An Overview of Excel’s Views (I)<br />The View tab controls the on-screen appearance of your worksheet. <br />Changing the worksheet view does not affect the way your worksheet prints, only the way you see it on your monitor. <br />The default view you have been working in is called the Normal view. <br />
An Overview of Excel’s Views (II)<br />There are other useful views, including:<br /><ul><li>Page Layout
Using Zoom<br />To change the zoom level, use the slider on Excel’s status bar. <br />To increase the zoom level, click the + symbol. <br />To decrease the zoom level, click the – symbol. <br />You can also drag the slider to the desired zoom level.<br />
Switching Between Open Files<br />To switch between open files, click the desired button on the Windows taskbar.<br />
Module Six: Printing Excel Data<br />It’s easy to print worksheets in Excel. <br />Before you print your worksheet, you might want to change some of the page settings. <br />Once you are satisfied with your layout, you can print your worksheet(s).<br />Quick Tip: The Print dialog is the same across all Office applications, and even appears in other non-Microsoft programs.<br />
Module Seven: Building Formulas<br /><ul><li>There are two ways to set up calculations in Excel: using formulas or using functions.
Formulas are mathematical expressions that you build yourself.
You need to follow proper math principles in order to obtain the expected answer.
Building the formula is simply a matter of combining the proper cell addresses with the correct operators. </li></ul> The essence of mathematics is not to make simple things complicated, but to make complicated things simple. <br />S. Gudder<br />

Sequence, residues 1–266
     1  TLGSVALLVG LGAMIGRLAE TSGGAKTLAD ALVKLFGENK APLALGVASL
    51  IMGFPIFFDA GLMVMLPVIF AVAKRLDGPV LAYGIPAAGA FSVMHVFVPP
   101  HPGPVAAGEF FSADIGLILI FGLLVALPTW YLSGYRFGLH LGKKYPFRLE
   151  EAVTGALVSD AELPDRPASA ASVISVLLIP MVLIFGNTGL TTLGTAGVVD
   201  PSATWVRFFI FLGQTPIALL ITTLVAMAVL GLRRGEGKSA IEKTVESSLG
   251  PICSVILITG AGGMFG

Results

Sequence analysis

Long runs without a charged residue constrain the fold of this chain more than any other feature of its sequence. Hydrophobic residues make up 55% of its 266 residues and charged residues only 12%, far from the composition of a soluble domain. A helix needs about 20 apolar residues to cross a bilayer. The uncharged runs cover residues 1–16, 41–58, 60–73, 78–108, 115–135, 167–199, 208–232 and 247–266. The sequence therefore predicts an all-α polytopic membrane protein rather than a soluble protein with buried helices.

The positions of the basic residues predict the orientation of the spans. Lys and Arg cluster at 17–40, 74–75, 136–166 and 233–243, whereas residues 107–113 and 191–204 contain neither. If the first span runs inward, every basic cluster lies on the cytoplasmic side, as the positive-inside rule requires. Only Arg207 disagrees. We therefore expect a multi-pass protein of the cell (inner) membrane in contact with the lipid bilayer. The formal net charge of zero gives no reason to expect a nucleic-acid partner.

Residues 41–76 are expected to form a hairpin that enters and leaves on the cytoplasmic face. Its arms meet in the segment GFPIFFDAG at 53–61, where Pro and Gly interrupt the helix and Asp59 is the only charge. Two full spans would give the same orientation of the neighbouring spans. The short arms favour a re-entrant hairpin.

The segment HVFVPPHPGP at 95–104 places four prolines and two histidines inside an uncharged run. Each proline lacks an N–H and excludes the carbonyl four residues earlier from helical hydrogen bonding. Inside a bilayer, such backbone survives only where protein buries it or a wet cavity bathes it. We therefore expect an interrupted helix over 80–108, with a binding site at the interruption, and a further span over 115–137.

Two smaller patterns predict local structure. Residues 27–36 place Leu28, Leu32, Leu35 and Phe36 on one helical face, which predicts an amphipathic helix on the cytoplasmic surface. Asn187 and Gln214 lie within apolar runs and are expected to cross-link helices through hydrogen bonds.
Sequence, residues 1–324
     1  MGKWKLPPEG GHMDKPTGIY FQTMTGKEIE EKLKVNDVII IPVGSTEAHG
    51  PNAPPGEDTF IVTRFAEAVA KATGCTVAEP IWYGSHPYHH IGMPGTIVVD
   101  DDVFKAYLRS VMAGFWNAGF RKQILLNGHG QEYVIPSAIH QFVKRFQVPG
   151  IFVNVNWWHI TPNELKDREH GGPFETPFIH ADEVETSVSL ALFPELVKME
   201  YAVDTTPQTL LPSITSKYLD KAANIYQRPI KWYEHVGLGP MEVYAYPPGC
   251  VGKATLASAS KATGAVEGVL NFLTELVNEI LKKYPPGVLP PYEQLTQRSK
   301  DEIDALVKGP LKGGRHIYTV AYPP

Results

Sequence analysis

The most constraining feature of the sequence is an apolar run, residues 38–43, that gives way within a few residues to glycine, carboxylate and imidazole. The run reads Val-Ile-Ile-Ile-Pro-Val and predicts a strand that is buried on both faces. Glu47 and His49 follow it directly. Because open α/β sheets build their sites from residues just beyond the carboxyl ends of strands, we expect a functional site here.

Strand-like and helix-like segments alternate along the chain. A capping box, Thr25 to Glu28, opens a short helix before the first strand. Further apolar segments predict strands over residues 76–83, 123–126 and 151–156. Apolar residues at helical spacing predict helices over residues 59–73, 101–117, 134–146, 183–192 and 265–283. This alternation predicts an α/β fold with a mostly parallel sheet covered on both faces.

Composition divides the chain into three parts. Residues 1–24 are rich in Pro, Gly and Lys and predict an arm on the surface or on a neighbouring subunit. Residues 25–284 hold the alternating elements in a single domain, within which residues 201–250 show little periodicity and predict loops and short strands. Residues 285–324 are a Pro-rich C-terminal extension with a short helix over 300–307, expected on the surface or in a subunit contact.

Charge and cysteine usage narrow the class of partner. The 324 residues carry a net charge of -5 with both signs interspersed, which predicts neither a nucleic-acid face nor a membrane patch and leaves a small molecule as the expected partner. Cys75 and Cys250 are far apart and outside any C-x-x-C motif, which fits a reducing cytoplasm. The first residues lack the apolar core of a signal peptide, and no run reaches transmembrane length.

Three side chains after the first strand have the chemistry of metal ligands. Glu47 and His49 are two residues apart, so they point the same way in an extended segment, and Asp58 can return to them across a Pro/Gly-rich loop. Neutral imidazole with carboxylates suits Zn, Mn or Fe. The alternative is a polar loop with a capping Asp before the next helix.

Module Eight: Using Excel Functions<br />So far, we have performed simple calculations in Excel, combining cell references and operators. <br />Excel functions take calculations one step further, making it easier to do complex or tedious calculations.<br /> Excel 2007 offers 343 functions, with 51 new functions.<br />
Formulas vs. Functions<br />Instead of combining cell references and operators, functions use function names and arguments. The syntax is always the same:<br />=NAME(Arguments)<br />
Understanding the Formulas Tab<br />To see the functions available in any group, click the arrow beside the name of the group.<br />
Using the SUM Function (I)<br />Access the SUM function via the AutoSum button on the Formulas or Home tab.<br />
Using the SUM Function (II)<br />Click in the cell next to the numbers you want to add up. <br />Click the Sum button.<br />
Using Other Basic Excel Functions<br />In addition to the SUM function, there are several other commonly used functions. <br />You can access these by clicking the arrow next to the Sum button.<br />
Using the Status Bar to Perform Calculations (I)<br />
Using the Status Bar to Perform Calculations (II)<br />
Module Nine: Using Time Saving Tools<br />You can use Excel to fill in days of the week or months of the year, or use Excel’s AutoComplete feature to quickly write functions. <br />To get more out of your data, you can sort and filter it. <br />We will look at all of these tools in this module.<br />Time is money.<br />Benjamin Franklin<br />
Module Ten: Formatting your Data<br />In this module, we will look at how to make your worksheet more appealing by changing the font type and size, alignment, formatting numbers, and by adding color and borders.<br />Quick Tip: Use the Undo arrow on the Quick Access toolbar to reverse unwanted changes.<br />
Changing the Appearance Of Your Text (I)<br />
Changing the Appearance Of Your Text (II)<br />
Changing the Appearance Of Your Text (III)<br />
Using Merge <br />Select the cells you want to merge. <br />Click the Merge button on the Home tab.<br />
Removing Formatting<br />To remove the formatting of a cell and return it to the default formatting, select the cell(s) and click the Clear Formats button.<br />
Module Eleven: More Formatting<br />There are other ways to enhance your worksheet. <br />You can add borders and shading, apply styles and conditional formatting to cells, and change the theme of the workbook.<br />Quick Tip: You can access all available formatting commands in the Format dialog boxes.<br />Click the Dialog Box Launcher (the small button to the right of a group name on a tab) to access these full featured dialog boxes.<br />